Posts Tagged ‘machine learning’

Responding to Readers: Automated Design?

Deepak responded to my video on network commodization with a question:

What’s your thoughts on how Network Design itself can be Automated and validated. Also from Intent based Networking at some stage Network should re-look into itself and adjust to meet design goals or best practices or alternatively suggest the design itself in green field situation for example. APSTRA seems to be moving into this direction.

The answer to this question, as always, is—how many balloons fit in a bag? 🙂 I think it depends on what you mean when you use the term design. If we are talking about the overlay, or traffic engineering, or even quality of service, I think we will see a rising trend towards using machine learning in network environments to help solve those problems. I am not convinced machine learning can solve these problems, in the sense of leaving humans out of the loop, but humans could set the parameters up, let the neural network learn the flows, and then let the machine adjust things over time. I tend to think this kind of work will be pretty narrow for a long time to come.

There will be stumbling blocks here that need to be solved. For instance, if you introduce a new application into the network, do you need to re-teach the machine learning network? Or can you somehow make some adjustments? Or are you willing to let the new application underperform while the neural network adjusts? There are no clear answers to these questions, and yet we are going to need clear answers to them before we can really start counting on machine learning in this way.

If, on the other hand, you think of design as figuring out what the network topology should look like in the first place, or what kind of bandwidth you might need to build into the physical topology and where, I think machine learning can provide hints, but it is not going to be able to “design” a network in this way. There is too much intent involved here. For instance, in your original question, you noted the network can “look into itself” and “make adjustments” to better “meet the original design goals.” I’m not certain those “original design goals” are ever going to come from machine learning.

If this sounds like a wishy-washy answer, that’s because it is, in the end… It is always hard to make predictions of this kind—I’m just working off of what I know of machine learning today, compared to what I understand of the multi-variable problem of network designed, which is then mushed into the almost infinite possibilities of business requirements.

Beware the network without an operator

A lot of people seem to be looking forward to the day we build a network without an operator; to wit—

Containerized solutions and machine learning may soon be more than tangentially related. Containerized solutions will usher in an era of operations that don’t require human intervention. Once humans are taken out of operations, we will be free to apply machine learning techniques to what is left. —The New Stack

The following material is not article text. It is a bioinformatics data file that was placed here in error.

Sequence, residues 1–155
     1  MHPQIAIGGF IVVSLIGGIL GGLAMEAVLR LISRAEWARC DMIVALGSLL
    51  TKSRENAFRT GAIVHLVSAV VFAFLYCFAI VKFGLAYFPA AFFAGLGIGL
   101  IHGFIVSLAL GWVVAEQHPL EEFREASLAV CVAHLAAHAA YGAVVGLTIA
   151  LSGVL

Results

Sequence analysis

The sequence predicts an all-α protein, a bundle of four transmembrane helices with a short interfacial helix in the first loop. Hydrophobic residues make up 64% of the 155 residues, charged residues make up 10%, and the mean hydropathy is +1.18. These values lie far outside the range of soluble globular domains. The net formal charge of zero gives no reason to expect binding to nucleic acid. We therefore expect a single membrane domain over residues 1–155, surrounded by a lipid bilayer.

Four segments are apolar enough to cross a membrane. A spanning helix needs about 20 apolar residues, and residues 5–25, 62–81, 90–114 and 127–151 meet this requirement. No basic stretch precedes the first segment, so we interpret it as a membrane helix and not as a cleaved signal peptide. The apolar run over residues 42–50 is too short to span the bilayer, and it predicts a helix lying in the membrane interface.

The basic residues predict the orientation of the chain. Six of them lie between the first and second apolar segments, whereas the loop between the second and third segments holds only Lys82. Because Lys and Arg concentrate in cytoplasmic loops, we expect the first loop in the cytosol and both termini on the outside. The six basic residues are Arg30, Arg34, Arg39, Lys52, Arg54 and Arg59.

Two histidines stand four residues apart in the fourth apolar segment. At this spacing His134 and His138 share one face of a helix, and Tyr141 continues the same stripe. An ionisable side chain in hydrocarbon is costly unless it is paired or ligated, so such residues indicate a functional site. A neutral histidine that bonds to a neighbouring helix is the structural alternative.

I hope not, because machines are more brittle than humans. Totally automated security fails much more often than security that uses a blend of people and algorithms. Machines do well at repetitive tasks, humans at catching the things that don’t fit into the algorithm’s state machine. Taking the person out of the network just means there’s no-one there to see when the state machine fails.

And it will fail—at some point. I know we like to believe that machines break less often, but I’m pretty certain there’s a counterpoint to this: when machines break, it’s more likely to be catastrophic. I’m not convinced replacing people with algorithms always reduces damage so much as move the potential damage around.

I hope not, because machines separate the decision from the decision maker. Butting your head against reality means making decisions in the face of tradeoffs. Allowing machines to make the decision doesn’t really reduce the tradeoffs, it just pushes the decision back to the algorithm designer rather than the operator. Taking the decision out of the hands of a person who sees the actual situation, and handing it to a person who can white board a decision long before the situation occurs just means you’ve pre-decided, it doesn’t mean you’ve decided correctly. When a self-driving car faces the trolley problem, what will it do? Of course, a data center isn’t a car, but does that mean there will never be moral choices involved in running a data center?

I hope not, because when it does crash, someone still needs to know how to work on it. When machines become so complex that we can build them but not understand them, then maybe it’s time to rethink whether or not building the machine is the right thing to do in the first place.

When should humans be taken out of operations?